This year when we set out to see how the top firms fared in wealth management in our annual broker-dealer survey, we also wanted to see what those wirehouse and regional firms are doing to make sure they hold onto those top slots.

And the results were surprising. When it comes to key areas like training the next generation, succession planning for retiring advisors, adopting new technology tools or tackling new regulatory rules, all of these firms are approaching these tasks head on.

Take Merrill Lynch, which has now placed more stringent standards on its training program that dates back to 1946. Or look at regional firms Ameriprise and Raymond James, which are working to make sure advisors make the smoothest transition out of the business. Wirehouse and regional firms alike are tacking on the latest technologies to traditional planning processes.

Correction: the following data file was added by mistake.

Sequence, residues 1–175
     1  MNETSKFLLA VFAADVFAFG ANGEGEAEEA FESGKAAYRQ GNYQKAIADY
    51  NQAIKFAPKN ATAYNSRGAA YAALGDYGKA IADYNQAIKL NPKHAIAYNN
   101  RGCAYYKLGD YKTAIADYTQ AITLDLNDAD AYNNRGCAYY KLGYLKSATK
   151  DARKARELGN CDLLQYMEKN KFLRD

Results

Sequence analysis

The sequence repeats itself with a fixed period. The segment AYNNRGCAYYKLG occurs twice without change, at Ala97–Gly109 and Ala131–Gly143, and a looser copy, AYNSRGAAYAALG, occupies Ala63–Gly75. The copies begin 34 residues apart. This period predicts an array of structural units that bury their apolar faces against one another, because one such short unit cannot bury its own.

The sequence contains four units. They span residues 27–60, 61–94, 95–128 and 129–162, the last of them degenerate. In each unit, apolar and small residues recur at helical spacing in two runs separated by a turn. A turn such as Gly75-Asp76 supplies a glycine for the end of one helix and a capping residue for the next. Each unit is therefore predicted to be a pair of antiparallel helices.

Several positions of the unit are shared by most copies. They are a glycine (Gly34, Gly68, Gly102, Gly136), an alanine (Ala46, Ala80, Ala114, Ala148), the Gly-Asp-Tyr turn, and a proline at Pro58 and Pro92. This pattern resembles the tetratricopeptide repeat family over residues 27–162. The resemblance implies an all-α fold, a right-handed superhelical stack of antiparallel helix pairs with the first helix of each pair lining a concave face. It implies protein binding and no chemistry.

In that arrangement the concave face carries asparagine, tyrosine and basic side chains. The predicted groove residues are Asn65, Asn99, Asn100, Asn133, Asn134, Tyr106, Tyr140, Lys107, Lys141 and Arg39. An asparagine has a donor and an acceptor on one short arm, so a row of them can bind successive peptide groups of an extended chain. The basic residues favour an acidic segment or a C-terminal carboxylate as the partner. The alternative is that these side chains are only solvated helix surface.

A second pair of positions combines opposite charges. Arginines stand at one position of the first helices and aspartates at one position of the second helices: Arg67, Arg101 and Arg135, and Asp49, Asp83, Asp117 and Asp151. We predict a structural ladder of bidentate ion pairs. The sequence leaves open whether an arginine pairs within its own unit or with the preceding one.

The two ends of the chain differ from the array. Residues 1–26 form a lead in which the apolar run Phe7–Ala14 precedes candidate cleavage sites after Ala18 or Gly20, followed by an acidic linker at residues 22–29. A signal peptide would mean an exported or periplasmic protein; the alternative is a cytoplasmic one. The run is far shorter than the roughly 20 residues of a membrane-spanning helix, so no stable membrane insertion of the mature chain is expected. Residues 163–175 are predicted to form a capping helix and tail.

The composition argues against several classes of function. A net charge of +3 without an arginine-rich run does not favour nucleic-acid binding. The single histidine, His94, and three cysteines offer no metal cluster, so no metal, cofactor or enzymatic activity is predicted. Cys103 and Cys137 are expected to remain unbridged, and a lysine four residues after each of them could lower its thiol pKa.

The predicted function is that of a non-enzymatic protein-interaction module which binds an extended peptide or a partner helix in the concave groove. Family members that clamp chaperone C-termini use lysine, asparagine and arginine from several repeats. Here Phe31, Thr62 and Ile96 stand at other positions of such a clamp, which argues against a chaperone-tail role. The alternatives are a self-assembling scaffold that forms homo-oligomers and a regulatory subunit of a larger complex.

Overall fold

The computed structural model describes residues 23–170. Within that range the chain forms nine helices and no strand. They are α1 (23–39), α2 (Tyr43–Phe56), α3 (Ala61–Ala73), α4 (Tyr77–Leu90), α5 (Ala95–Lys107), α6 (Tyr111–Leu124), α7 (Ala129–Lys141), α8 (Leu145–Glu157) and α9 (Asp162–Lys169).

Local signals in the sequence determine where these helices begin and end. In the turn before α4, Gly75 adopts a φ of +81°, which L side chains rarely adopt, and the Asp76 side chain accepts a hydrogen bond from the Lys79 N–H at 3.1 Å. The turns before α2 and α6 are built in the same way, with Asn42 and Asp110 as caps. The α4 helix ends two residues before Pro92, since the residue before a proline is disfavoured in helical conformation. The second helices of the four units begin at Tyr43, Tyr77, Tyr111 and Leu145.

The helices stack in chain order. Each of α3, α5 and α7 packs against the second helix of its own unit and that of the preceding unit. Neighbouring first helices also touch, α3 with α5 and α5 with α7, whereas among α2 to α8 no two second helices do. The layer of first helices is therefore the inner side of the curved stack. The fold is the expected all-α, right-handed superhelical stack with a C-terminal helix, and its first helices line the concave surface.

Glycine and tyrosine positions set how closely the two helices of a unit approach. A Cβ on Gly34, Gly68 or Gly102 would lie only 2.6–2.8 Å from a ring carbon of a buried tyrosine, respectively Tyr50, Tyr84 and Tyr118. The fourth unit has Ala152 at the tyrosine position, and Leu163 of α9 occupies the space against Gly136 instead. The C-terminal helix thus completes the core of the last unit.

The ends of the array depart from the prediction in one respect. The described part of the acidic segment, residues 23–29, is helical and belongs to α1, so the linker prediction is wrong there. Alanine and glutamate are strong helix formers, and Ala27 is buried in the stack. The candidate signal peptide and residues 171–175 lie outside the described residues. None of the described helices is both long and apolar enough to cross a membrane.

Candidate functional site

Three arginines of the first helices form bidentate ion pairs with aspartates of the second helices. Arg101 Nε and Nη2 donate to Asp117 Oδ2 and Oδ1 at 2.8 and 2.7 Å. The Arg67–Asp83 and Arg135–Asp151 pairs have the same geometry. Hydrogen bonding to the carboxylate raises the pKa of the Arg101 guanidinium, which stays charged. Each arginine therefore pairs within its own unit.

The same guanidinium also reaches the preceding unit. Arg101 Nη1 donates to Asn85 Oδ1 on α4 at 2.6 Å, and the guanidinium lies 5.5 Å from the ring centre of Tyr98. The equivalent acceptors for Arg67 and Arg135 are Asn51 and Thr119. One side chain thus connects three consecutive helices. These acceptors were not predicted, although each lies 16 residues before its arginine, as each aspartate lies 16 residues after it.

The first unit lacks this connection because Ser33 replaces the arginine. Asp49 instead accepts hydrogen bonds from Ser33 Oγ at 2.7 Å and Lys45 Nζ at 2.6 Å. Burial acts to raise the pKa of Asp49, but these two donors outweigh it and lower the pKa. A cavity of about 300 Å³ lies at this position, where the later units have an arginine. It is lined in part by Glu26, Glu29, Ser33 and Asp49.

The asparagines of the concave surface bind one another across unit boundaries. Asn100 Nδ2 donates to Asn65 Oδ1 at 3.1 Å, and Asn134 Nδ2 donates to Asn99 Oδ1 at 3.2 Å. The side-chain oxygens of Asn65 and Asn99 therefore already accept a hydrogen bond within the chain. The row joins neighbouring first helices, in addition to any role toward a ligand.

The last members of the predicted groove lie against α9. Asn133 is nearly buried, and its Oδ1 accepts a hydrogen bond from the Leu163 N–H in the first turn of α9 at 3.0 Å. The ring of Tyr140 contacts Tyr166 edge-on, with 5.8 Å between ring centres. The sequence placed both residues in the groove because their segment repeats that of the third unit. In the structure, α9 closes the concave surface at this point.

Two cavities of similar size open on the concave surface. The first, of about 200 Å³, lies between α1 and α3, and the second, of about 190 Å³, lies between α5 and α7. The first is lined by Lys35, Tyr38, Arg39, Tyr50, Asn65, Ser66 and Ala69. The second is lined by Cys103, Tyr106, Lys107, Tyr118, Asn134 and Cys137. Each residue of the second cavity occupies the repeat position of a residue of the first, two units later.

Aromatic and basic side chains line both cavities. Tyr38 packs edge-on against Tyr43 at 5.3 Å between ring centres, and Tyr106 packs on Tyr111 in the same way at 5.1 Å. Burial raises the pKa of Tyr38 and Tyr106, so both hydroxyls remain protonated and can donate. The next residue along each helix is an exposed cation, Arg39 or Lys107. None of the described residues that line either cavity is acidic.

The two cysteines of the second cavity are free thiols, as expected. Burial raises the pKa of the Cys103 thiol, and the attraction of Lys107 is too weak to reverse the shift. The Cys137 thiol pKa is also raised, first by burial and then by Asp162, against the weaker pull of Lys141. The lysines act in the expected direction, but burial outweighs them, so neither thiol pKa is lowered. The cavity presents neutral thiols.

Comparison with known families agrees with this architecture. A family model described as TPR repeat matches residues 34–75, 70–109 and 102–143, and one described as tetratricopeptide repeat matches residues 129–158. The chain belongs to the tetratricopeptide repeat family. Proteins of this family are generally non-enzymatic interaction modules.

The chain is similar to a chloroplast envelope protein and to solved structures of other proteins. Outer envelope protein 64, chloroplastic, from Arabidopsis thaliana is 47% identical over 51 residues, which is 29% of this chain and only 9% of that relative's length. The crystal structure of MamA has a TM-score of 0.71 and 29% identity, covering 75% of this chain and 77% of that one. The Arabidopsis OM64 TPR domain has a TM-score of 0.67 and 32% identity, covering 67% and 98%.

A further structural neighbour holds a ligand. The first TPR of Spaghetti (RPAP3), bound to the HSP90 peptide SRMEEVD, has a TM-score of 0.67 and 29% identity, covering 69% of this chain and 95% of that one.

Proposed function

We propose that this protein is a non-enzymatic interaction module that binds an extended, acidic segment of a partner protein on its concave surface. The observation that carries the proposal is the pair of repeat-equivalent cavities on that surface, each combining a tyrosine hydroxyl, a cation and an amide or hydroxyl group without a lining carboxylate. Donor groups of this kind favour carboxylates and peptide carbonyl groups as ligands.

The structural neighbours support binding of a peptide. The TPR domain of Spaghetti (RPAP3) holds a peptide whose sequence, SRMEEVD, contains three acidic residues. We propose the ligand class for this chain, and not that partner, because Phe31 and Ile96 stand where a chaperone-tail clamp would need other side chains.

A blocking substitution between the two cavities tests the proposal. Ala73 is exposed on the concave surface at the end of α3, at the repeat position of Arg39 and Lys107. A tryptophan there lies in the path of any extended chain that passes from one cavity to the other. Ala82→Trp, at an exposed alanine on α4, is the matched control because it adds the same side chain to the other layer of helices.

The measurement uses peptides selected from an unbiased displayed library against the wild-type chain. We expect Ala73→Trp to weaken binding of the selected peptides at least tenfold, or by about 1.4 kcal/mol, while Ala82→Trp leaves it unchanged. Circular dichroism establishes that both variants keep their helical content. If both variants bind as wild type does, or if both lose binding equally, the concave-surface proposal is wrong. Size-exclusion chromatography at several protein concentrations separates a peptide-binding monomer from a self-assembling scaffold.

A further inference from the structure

We also hear from John Taft, CEO of RBC Wealth Management in the U.S. and great grandson of U.S. President William Howard Taft, on what new regulations mean for the industry. What's more, Taft predicts how firms adapt now will determine if they are still on top five years from now. "There are going to be firms that respond well and firms that respond poorly," he predicts.

Understanding what the industry will need to do to regain client trust was a big topic with wealth management leaders from Merrill Lynch, Stifel and UBS at a recent industry conference. As UBS executive Robert Mulholland puts it when it comes to responsibility, "We are the adults in the room."

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